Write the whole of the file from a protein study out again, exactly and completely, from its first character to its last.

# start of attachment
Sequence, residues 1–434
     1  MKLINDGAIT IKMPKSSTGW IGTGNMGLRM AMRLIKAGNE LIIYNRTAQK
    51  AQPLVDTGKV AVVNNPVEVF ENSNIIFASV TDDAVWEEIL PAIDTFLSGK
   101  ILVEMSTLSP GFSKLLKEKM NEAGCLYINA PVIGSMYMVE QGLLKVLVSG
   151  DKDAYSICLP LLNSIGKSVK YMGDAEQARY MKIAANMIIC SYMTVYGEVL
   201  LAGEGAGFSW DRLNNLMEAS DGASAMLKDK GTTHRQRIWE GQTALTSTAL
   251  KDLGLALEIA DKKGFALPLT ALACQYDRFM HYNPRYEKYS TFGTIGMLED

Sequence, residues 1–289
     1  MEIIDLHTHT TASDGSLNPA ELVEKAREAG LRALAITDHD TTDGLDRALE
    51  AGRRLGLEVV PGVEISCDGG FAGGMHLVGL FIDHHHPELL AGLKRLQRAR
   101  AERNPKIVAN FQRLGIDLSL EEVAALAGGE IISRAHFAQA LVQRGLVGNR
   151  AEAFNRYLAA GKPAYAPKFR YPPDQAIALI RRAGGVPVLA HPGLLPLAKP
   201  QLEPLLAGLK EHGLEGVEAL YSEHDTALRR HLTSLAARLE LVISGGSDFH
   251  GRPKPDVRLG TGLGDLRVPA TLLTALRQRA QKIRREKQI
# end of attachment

Sequence, residues 1–434
     1  MKLINDGAIT IKMPKSSTGW IGTGNMGLRM AMRLIKAGNE LIIYNRTAQK
    51  AQPLVDTGKV AVVNNPVEVF ENSNIIFASV TDDAVWEEIL PAIDTFLSGK
   101  ILVEMSTLSP GFSKLLKEKM NEAGCLYINA PVIGSMYMVE QGLLKVLVSG
   151  DKDAYSICLP LLNSIGKSVK YMGDAEQARY MKIAANMIIC SYMTVYGEVL
   201  LAGEGAGFSW DRLNNLMEAS DGASAMLKDK GTTHRQRIWE GQTALTSTAL
   251  KDLGLALEIA DKKGFALPLT ALACQYDRFM HYNPRYEKYS TFGTIGMLED

Sequence, residues 1–289
     1  MEIIDLHTHT TASDGSLNPA ELVEKAREAG LRALAITDHD TTDGLDRALE
    51  AGRRLGLEVV PGVEISCDGG FAGGMHLVGL FIDHHHPELL AGLKRLQRAR
   101  AERNPKIVAN FQRLGIDLSL EEVAALAGGE IISRAHFAQA LVQRGLVGNR
   151  AEAFNRYLAA GKPAYAPKFR YPPDQAIALI RRAGGVPVLA HPGLLPLAKP
   201  QLEPLLAGLK EHGLEGVEAL YSEHDTALRR HLTSLAARLE LVISGGSDFH
   251  GRPKPDVRLG TGLGDLRVPA TLLTALRQRA QKIRREKQI